Membranes, Kiss Ass Godhead (Overground)/ Ceramic Hobs, Straight Outta Rampton (Pumf) both CD
(July 2001)

Do they still make candy cigarettes? How about pint pots? One year I tried to extract the beer from 20p's worth of pint pots by leaving them in a glass of water on the window ledge for a month. They eventually dissolved and the water turned a bilious shade of brown. Brewmaster Possession held his glass up to the light - it was pure and clear except for the odd gobbet of gelatinous saccharine - and in a single act moved from boy to man by downing the ale in one. This was followed in quick succession by upping it in several, but was nothing compared to the bodily evacuations that followed my attempt to distil beer from Shandy Bass..

What insidious confectionery we used to have, back in the days when Margaret Thatcher was still only a seer's nightmare. During the Iron Lady's tyrannical reign the playtime preparations for adulthood disappeared from the shelves of newsagents across the land, to be eventually replaced by the infinitely more insidious mobile phone cards. Unbridled capitalism once again working for the health of the nation, as children weaned themselves off the quick sugar fix and started mainlining on the much more addictive fashion-led and divisive telephone. Strangely, the worst sweet of all, and paradoxically the one most beloved of ageing relatives, resisted this trend and is still going strong today. Correctly known as Junior Fellatio, I am talking about seaside rock.

Unfeasibly phallic, disgustingly suggestive, impossible to eat without looking like you're auditioning to give all of the Village People a sloppy blow job and with a hefty payload of future dental problems, rock is unfaltering evil. And Blackpool is the Mecca of this tooth-destroying, paedophile-friendly prick-a-like, you can even go and watch middle-aged mothers masturbating the larger-than-life pink rods, still warm from the extruder before they become rigid and ready for use. A fantasy for some depraved souls, a scene of depravity for the rest of us.

But there's an even dirtier variety of Blackpool Rock, one that John Robb documented all those years ago, and one that's being gleefully rendered today as a patchwork of accidental, genius, ill-conceived comedy, dada noise, magpie non-sequiturs and general cut up confusion by a gaggle of frantic lunatics known as Ceramic Hobs. Alternately lucid, illucid, didacts, dildos, musical, mental, musico-mental and all points in between, the Hobs are a mind-fuck of contradictions and mess and Straight Outta Rampton is a 21st century descendant of those ubiquitous 4-track tape compilations circulating with crudely photocopied fanzines in the 1980s. Shaolin Master is a gruff monologue over a riff even early Cornershop could've managed with a wobbly three-note solo played at roughly half the speed that Pete Shelley first plucked it out. John Peel would've played it every night for 2 months and it would've sold 23 copies. Islam Uber Alles drops a truly threatening fuzz-blues bass under anti-Christian, pro-revolutions ranting ("Father, Son and Holy Ghost; Father Abraham, Sonny Bono and The Ghost In The House") and a guitar wave off the back of Hawkwind's lorry during a particularly bad trip while Public Order fucks up a glam clap/stomp beat and a paranoid hypnovocal. There's a "handy" schema of samples/ inspirations in the sleeve notes. It features The Pastels, Flake, Limerick Cows, Spielberg and chaotic dischord.. in a single song. For mad bastards and fans of Bogshed, Stump and Stretcheads (the two are not particularly incompatible.) 5 to M. Standing, 25 Ivy Ave, Blackpool, FY4 3QF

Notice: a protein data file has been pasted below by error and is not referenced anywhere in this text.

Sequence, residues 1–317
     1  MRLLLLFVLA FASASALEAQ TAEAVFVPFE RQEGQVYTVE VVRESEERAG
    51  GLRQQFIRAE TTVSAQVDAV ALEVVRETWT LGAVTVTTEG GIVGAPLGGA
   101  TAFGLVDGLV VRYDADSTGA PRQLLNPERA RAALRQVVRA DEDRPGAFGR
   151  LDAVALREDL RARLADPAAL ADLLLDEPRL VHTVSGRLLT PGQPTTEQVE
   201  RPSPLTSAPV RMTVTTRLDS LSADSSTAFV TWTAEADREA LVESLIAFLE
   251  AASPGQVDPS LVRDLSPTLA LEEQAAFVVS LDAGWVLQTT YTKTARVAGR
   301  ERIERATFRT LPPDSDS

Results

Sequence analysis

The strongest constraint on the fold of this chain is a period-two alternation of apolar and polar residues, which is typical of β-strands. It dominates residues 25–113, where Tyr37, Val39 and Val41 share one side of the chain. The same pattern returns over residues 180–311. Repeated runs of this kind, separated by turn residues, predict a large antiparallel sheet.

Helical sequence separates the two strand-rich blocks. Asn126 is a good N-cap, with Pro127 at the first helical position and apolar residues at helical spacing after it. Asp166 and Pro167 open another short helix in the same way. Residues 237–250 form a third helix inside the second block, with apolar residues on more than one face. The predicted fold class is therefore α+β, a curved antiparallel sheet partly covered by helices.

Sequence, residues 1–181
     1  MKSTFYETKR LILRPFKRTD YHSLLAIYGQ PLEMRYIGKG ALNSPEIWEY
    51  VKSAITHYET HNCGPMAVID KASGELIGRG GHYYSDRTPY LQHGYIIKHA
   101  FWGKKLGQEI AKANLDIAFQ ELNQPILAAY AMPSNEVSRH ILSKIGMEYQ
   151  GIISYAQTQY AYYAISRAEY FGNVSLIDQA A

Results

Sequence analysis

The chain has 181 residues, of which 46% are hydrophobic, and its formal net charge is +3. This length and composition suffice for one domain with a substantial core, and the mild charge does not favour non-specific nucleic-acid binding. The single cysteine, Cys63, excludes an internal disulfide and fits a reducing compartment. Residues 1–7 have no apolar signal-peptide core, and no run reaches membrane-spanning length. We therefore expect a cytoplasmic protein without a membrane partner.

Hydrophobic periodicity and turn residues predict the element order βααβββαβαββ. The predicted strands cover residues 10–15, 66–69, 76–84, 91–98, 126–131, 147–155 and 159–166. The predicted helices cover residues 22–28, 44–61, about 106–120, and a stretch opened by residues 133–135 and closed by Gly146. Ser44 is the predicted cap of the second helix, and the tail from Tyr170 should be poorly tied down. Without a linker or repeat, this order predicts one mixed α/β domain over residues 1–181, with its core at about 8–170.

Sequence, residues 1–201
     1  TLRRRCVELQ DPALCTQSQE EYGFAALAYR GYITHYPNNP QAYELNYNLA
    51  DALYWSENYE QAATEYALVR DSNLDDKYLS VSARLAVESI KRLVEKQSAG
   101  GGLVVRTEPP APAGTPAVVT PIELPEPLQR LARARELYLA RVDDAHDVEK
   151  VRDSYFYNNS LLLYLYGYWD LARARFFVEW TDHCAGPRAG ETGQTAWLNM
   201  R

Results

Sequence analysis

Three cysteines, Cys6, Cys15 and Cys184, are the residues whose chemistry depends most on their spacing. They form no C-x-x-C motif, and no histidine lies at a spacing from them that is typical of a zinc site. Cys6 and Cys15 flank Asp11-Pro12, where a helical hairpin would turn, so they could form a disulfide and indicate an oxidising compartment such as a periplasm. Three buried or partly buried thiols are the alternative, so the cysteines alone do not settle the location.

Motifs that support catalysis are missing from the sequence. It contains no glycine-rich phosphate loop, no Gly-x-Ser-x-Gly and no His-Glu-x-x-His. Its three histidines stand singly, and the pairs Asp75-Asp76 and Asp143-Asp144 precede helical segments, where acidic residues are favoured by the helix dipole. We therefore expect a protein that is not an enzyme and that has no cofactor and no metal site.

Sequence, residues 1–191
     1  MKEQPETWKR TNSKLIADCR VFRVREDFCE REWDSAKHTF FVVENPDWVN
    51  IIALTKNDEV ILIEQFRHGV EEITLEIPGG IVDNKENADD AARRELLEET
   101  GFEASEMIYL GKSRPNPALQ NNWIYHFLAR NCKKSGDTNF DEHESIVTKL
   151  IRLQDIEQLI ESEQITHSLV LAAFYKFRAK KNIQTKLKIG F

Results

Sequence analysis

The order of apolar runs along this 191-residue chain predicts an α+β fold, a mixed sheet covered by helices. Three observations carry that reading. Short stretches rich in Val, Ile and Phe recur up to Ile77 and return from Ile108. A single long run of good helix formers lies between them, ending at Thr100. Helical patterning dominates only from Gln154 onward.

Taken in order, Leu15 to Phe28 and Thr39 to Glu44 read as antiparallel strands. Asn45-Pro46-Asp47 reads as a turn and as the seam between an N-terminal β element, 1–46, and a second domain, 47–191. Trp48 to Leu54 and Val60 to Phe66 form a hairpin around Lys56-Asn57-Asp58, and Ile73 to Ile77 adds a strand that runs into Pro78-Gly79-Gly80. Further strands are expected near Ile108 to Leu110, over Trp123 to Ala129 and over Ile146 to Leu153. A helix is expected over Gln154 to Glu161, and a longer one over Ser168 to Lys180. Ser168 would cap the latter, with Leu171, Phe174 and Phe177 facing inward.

The Membranes memorably described their birthplace as a Tatty Seaside Town and that homage opens this reissue from 1987 (with bonus tracks, natch). The third album for Blackpool Rox editor John Robb's first band was very much post-post-punk, testing the limits of noise and riffs, of fucked-up rock'n'roll and intolerance to Thatcherism. Recorded by Steve Albini although not as sharply as elsewhere (especially Shellac) it’s obviously of its time, but some tracks stand up across the best part of 15 years. Tatty Seaside Town was and always will be an outsider anthem, a 2-minute pogo of bile-laden disdain for the primal sheep mentality and the group mind, especially when it manifests as tanked-up yobbos looking to do the strange-looking fucker over. Electric Storm is The Fall brooding nastiness and Fuck My Old Boots frazzles with uncontrollable amphetamine energy. John Robb's 91st Nightmare (the unedited full length version), recorded in the toilet, pumps up the drum machine and drops in the meanest riffs on the record to fulfil its paranoia potential. Time Warp 1991 (the post-album single) throws in some Teardrop Explodes vitality and the frankly amateurish Bacon Factory is a post-pub singalong mess. Back when the indie charts meant something, this meant something. Today, when none of the charts mean anything, it means a lot.

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